Publishing their study in the American Journal of Clinical Nutrition, the scientists say the findings are relevant given the increasing prevalence of neuro-generative diseases.
Orange juice is rich in flavanones, a sub-class of flavonoids (natural plant phytochemicals) which are easily absorbed by the body.
Adults showed an 8% improvement in cognitive function after drinking orange juice over eight weeks, compared to a control group. However, the mechanisms behind this remain unclear, and researchers recommend further investigation for flavanone-based dietary interventions.
Remembering items on a shopping list
The study took 37 healthy adults with a mean age of 67. Participants consumed 500ml of high-flavanone (305mg) orange juice every day for eight weeks. Another group consumed low-flavanone (37mg) orange-flavoured cordial (of equivalent taste and calorie content).
Global cognitive function (a combined score taken from tests on memory, reaction time and verbal fluency) was ‘significantly better’ after consuming high-flavanone orange juice, say researchers. Participants’ mood and blood pressure remained similar.
“Although evidence for acute, beneficial cognitive effects of flavonoid-rich foods and drinks exists in older populations with mild cognitive impairment, to our knowledge, there have been no such interventions in healthy older adults,” wrote Daniel Lamport, one of the authors of the study.
“The current data showed that cognitive benefits achieved from regular daily flavonoid consumption were not exclusive to adults with mild cognitive impairment or neurodegenerative disease.
“Positive effects for executive function [complex cognitive processes such as solving problems or planning] are of particular relevance because performance on tasks that require these functions are known to deteriorate as a consequence of normal aging, as a result of structural changes that preferentially affect the hippocampus and prefrontal cortex.”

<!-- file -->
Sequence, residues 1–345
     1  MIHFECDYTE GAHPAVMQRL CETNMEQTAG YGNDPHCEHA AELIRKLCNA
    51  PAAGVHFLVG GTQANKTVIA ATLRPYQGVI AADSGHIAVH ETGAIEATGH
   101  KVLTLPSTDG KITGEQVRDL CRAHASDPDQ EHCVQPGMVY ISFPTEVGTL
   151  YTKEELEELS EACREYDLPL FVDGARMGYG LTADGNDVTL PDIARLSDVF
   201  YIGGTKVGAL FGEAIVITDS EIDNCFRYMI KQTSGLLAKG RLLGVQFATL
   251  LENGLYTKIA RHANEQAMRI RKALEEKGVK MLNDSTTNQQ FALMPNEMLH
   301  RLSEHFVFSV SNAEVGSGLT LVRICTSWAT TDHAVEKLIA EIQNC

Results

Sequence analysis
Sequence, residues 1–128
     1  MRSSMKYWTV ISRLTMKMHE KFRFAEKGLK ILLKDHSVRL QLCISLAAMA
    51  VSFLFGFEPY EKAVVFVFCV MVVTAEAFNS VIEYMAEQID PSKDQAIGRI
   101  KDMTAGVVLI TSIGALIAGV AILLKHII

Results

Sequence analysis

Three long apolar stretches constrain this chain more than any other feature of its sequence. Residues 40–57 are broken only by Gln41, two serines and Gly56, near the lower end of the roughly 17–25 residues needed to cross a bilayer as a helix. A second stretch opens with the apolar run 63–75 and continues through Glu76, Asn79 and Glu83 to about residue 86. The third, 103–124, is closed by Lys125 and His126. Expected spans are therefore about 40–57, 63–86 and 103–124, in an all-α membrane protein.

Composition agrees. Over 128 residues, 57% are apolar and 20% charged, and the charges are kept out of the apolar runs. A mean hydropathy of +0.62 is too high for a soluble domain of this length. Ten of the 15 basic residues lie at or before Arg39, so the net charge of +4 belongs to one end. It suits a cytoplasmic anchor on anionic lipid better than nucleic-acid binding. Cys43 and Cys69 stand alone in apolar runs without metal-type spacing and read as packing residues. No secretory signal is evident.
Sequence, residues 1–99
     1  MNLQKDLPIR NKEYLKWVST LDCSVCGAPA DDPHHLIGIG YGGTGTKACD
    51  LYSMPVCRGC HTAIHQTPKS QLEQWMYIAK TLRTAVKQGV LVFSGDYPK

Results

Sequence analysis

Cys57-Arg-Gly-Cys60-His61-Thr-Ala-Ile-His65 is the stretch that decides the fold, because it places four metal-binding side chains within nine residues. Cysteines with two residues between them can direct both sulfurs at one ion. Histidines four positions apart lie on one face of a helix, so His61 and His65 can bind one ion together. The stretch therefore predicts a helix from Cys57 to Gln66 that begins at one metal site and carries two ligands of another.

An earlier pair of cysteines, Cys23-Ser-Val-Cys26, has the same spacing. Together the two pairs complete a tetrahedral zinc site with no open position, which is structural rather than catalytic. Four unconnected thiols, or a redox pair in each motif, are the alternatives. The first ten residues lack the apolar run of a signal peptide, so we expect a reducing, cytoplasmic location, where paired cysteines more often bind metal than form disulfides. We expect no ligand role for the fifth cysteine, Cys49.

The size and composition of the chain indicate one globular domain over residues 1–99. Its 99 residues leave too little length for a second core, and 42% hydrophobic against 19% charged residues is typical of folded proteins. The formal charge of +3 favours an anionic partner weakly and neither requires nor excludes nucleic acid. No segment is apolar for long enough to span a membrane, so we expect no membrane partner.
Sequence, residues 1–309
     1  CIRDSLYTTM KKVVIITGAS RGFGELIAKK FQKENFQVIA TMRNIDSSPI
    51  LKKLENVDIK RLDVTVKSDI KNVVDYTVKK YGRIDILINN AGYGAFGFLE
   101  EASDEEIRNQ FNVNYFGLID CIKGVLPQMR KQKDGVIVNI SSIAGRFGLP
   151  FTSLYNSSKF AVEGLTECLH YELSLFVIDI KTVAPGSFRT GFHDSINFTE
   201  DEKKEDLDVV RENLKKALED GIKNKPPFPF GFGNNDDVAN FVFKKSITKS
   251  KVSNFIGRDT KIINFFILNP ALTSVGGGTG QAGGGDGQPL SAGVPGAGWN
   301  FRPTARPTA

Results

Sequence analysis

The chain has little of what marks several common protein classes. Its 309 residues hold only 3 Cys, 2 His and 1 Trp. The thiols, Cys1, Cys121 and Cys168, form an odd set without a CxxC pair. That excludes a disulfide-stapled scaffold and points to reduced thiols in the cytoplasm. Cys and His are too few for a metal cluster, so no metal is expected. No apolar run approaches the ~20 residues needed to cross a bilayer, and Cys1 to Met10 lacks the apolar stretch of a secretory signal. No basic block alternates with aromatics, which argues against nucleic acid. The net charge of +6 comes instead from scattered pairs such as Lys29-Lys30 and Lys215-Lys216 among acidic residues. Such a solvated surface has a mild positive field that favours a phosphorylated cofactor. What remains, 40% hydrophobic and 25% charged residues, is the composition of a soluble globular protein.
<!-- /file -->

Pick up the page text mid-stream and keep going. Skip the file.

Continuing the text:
The verbal memory test required participants to learn a list of words, and then recall them both immediately and then after a 30 minute delay. An 8% improvement in this case equated to remembering one more word from a list of 15 shopping items.
The authors say that, although this may be a small improvement over an 8 week period, it could result in substantial improvements over time.
While the scientists are not recommending consuming 500ml of orange juice each day, they hope the findings show that such flavanones could have an important role in a healthy, balanced diet. Previous research from the university has suggested other flavonoid rich foods such as blueberries are good for cognition.
The study did not investigate the mechanisms for the effects, but suggests possible reasons. Flavonoids may improve blood flow in the brain and protect neurons against oxidative damage, while flavanones may be most likely to target the frontal cortex and hippocampus (areas of the brain essential for executive function and memory).
“Clearly much work is required to examine the potential mechanisms that may underlie the association between flavonoid consumption and cognitive function,” said Lamport. “However, to our knowledge, the current study is the first human intervention trial to show cognitive benefits after flavanone consumption.
“Future research should investigate the potential for flavanone-based dietary interventions to maintain and enhance cognitive function in healthy young adults and attenuate cognitive decline in older adults with neurodegenerative disease.
"Because of the increasing prevalence of ageing-associated neurodegenerative disease in Western populations, it is essential to identify dietary interventions that can be easily understood and adopted by the public.”
Source: American Journal of Clinical Nutrition, doi: 10.3945/ajcn.114.088518.
Title: “Chronic consumption of flavanone-rich orange juice is associated with cognitive benefits: an 8-wk, randomized, double-blind, placebo-controlled trial in healthy older adults”
Authors: R. J. Kean; D.J. Lamport; G.F. Dodd; J.E. Freeman; C.M. Williams; J.A. Ellis; L.T. Butler; and J.P.E. Spencer.